Tensions between Prime Minister Nouri al-Maliki and Parliament Speaker Osama al-Nujaifi culminated this week, after the latter refused to submit the annual budget to parliament for approval. On 05 March, PM Maliki challenged the legitimacy of the institution and declared that fiscal policies could ultimately be enforced without a vote. This provocative stance led Nujaifi to accuse Maliki of disregarding the political process and threaten to withdraw confidence. This escalation also coincides with strained relations between Erbil and Baghdad over budget allocation, which the Kurdistan Regional administration has rejected on the grounds that it was not consistent with the amount stated in the constitution. In a context of approaching and competitive elections, these disputes mirror the different strategies followed by Iraqi politicians and which will set the stage for the post-election negotiations.
Maliki has been accused by his opponents of manufacturing crises to distract attention from the deteriorating security situation in northern and central governorates. Meanwhile, Nujaifi’s attitude towards budget issues could be seen not only as an attempt to undermine Maliki, but also as a move to court Kurdish constituencies, whose support was determinant in the previous elections. Stagnating political dynamics between the Shia and Sunni leaderships continued to be reflected in high levels of violence across the country, with complex attacks concentrated in the central provinces of Anbar, Baghdad and Babil. Patterns of violence have evolved since the outbreak of the Anbar crisis in December 2013, and militant activity now appears alternatively focused on the northern and central regions. This shift results from the growing security vacuum in Sunni-dominated areas around Baghdad, and which has been exploited by ISIL militants to establish strongholds. These provinces will therefore continue to attract most incidents over the next weeks.
In contrast with previous reporting periods, when militants allocated much of their resources to northern areas, VBIEDs were largely avoided and were only witnessed in Nineveh and Salahuddin on 04 March. A complex attack in Salahuddin involving a car bomb, a group of suicide attackers and directed against a government building, killed two civilians and injured at least 34 ISF elements. The explosion of a VBIED near Mosul caused two fatalities and wounded several soldiers. Most of the other reported incidents consisted of IEDs and small arms attacks. In Kirkuk, a suicide bomber detonated himself near a police patrol, killing one civilian. Given current security dynamics, northern provinces are likely to be targeted with deadly and complex assaults over the next weeks, with militants capitalising on Anbar and the growing disaffection of Sunnis with the government. Meanwhile, Kurdish provinces remained free from major incidents despite growing tensions with Baghdad.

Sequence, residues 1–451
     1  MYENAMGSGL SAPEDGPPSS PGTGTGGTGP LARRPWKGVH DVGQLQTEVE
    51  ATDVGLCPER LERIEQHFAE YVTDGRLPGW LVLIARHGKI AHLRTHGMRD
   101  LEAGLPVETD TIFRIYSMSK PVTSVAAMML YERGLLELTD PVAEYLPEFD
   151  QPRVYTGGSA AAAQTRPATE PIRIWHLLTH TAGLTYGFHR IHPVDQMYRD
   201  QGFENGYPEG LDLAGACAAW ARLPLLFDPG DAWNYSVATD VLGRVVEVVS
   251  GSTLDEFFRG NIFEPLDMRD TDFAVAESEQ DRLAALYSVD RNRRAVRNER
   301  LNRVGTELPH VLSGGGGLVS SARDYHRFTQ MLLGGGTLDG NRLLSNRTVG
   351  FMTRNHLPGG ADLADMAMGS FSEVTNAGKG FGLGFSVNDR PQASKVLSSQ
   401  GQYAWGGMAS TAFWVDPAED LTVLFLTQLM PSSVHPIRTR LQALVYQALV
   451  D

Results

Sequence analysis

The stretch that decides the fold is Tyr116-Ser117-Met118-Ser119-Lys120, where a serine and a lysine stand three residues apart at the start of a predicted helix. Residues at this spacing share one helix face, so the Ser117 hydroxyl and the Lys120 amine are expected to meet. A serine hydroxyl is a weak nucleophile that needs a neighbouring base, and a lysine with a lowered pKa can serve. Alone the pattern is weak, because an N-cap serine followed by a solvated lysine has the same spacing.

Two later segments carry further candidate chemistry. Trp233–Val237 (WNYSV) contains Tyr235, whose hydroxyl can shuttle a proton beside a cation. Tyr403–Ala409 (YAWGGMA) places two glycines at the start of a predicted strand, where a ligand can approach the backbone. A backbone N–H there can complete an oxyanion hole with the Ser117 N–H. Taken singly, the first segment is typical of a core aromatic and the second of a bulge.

Central provinces attracted most of the violence recorded across the country, with complex and deadly attacks witnessed in Baghdad and Anbar governorates. VBIED sequences returned to the capital, after three weeks of relative absence. As militants currently concentrate their efforts on northern areas having shifted away from southern provinces, ISIL insurgents appear to launch series of VBIED attacks against central governorates every three weeks on average. On 05 March, eight car bombs detonated in Baghdad, followed by another sequence on 06 March.
An explosion near a mosque in the A’amil area killed one civilian and injured 19 others, while another detonation resulted in six fatalities and 21 injuries. Despite a disrupted information flow in Anbar, at least four VBIED attacks were reported in Ramadi and its outskirts. On 07 March, a car bomb detonated at a police headquarters, killed one policeman and injured six others. The fact that Anbar has been largely absent from Maliki’s political discourse over the past weeks points towards stagnation rather than solution, and in current circumstances the standoff between the ISF, Sunni tribes and insurgents is likely to continue over the next months. The unrest is therefore likely to continue dictating insurgent tactics, and levels of violence will be sustained.
Owing to its proximity with central governorates and its large Sunni population, Babil continued to attract most violent incidents across southern provinces, with an increase in militant activity reflected in VBIED sequences. On 06 March, five car bombs detonated in several neighbourhoods of Hilla and were directed against civilians, ISF elements and government infrastructure. On 09 March, one of the deadliest incidents reported this month killed at least 47 people and injured over 100 others, when a minibus packed with explosives detonated against a checkpoint in Hilla. Other incidents involving IEDs killed several civilians. South-eastern governorates remained free from major incidents and have continued to avoid mass-casualty militant incursions. Most assaults are usually connected to personal disputes, illustrated in a small arms attack which killed an individual near his home in Basra. This trend is expected to be sustained and the south-east should remain largely peaceful over the next weeks.